6     army, to set up the ministries, and then to embark on action; before

 7     that, this wasn't possible.

 8             JUDGE HARHOFF:  I see and you have explained it very well.  I

 9     just wanted to ensure that when you said that Zvornik was a state within

10     the state, that this did not mean that there was any attempt from Zvornik

11     to denounce the authority of the Republika Srpska and to become

12     independent and not -- no longer wishing to obey the orders or the

13     instructions that came out of the Republika Srpska.  That was not the

14     case.  It was a practical deficiency, if I understand you correctly?

15        A.   Not only practical deficiency.  I've just explained to you that

16     the RS itself had been created only a few months earlier.  So there was

17     no continuity.  We're not talking about a state that had been there for a

18     while, that had laws, institutions, that were all functioning well, and

19     so on.  We were all in a vacuum and nobody knew what to do in practice.

20     April was a month of utter lawlessness and chaos.

21             JUDGE HARHOFF:  And for approximately how long did this situation

22     last?  You mentioned several dates, end of May, July, August.  How -- I

23     know it's difficult because it was probably a phase in which the

24     lawlessness gradually was phased out, but can you clarify a bit if you

25     can.

Page 15002

 1        A.   I said here even today I think that from the moment of the

 2     arrival of the special unit and the rest of these people, the situation

 3     in Zvornik changed dramatically.  The situation was completely different

 4     from what it had been before until that time.

 5             JUDGE HARHOFF:  And the brigade arrived on 30th of May; is that

 6     correct?

 7        A.   According to the documents that we've seen, the brigade was

 8     supposed to be established on the 30th of May.  But the problem with its

 9     establishment and its manning were -- was around for quite a while.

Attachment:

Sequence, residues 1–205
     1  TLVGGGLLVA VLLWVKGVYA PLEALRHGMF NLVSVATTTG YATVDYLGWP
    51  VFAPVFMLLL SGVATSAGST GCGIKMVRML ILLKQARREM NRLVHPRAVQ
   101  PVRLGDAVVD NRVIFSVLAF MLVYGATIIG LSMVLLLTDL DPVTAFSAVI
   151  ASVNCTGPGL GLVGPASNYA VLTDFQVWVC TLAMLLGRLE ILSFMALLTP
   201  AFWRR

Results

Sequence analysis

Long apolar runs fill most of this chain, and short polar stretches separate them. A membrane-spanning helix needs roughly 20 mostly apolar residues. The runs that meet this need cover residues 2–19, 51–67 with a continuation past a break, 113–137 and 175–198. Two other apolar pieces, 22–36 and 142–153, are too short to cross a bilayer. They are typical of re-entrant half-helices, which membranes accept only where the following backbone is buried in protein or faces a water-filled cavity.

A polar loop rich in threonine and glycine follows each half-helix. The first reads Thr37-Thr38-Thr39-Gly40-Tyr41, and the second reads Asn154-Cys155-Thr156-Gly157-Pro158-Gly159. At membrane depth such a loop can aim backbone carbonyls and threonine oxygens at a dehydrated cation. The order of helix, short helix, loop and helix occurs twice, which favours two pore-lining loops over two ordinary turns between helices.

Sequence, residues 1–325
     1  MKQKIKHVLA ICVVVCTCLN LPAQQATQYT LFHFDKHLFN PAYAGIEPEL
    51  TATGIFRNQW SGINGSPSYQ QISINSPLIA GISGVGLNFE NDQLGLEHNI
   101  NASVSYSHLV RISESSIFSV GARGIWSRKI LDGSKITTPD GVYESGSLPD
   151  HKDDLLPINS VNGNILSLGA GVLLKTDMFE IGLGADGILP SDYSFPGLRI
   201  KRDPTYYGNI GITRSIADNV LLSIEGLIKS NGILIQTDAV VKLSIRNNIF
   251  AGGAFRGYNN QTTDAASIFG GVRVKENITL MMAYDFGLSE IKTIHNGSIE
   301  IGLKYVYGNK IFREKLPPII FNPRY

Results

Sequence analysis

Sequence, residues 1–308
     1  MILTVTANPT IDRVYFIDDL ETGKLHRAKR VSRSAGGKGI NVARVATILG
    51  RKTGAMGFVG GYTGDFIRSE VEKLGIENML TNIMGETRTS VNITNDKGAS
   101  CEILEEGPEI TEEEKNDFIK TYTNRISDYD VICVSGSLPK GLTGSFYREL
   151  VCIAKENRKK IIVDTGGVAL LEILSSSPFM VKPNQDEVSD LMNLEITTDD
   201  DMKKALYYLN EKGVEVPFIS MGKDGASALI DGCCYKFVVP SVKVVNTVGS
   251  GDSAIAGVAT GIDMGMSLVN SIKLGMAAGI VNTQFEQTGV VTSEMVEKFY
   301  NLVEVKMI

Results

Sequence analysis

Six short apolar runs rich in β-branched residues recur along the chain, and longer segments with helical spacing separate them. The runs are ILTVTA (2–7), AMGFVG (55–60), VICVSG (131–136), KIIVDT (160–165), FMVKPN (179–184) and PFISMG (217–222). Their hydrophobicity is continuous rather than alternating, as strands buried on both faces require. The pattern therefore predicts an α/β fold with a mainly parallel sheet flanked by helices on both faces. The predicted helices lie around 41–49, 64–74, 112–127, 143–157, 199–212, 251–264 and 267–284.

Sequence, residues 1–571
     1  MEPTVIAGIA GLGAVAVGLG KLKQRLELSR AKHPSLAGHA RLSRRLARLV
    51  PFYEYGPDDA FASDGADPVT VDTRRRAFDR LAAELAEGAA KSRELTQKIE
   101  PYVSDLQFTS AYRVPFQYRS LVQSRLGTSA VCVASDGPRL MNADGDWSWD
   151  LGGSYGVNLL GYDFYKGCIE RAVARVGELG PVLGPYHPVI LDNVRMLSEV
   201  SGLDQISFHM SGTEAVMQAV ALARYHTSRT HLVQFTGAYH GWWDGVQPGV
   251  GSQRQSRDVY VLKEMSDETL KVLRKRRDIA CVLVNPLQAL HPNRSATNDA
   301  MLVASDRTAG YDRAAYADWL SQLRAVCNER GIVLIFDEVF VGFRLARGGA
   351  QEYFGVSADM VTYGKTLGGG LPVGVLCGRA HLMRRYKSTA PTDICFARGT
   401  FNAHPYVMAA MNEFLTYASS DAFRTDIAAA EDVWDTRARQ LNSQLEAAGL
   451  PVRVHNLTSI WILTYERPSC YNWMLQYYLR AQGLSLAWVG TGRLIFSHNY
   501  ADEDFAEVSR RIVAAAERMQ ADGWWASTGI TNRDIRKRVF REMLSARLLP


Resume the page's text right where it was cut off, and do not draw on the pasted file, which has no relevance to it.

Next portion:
10             JUDGE HARHOFF:  Thank you, sir.  I have no more questions.

11             MR. HANNIS:  I have one follow-up question based on Judge

12     Harhoff's questions, if I may.

13             JUDGE HALL:  Yes.

14                      Further Re-examination by Mr. Hannis:

15             MR. HANNIS:

16        Q.   Witness, after the arrest of the Yellow Wasps and the other

17     paramilitaries in late July when you say things got better, the police

18     got organised, the military got organised, the governmental authorities

19     were able to be more organised, are you aware of any cases in Zvornik

20     where members of those units were prosecuted in Zvornik or the Republika

21     Srpska for crimes they committed against non-Serbs?  Any of Pivarski's

22     men, Zuco's men, Simo Chetnik's men, Crni's men, Captain Dragan's men,

23     any of those guys get prosecuted in the Republika Srpska for crimes

24     allegedly committed against non-Serbs that you know of?

25        A.   Let me tell you briefly.  They were investigated against on --

Page 15003

 1     the police went out to search for them after the arrival of the special

 2     unit, and I know that they were in prison in Bijeljina.  I know that they

 3     were interrogated by one of the judges, but they were released.  I'm not

 4     sure after how much time.  And the story was for a while that they were

 5     released because somebody from Yugoslavia had intervened.  When I spoke

 6     to the Defence counsel, he showed me some documents that convinced me

 7     that these people had been treated judicially.  Maybe not until the end

 8     as it should have been, but they were treated or processed judicially.

 9     And he had documents to prove that.

10        Q.   Which people and where?  Are you talking about Zuco and his

11     brother in Serbia?

12        A.   The Yellow Wasps, yes.

13        Q.   Anybody else and anybody in the Republika Srpska, prosecuted in

14     the Republika Srpska?

15        A.   Well, I don't know.  I don't have any concrete information.

16        Q.   Thank you.

17             MR. HANNIS:  No further questions.

18             JUDGE HALL:  Thank you, Mr. Witness, for your assistance to the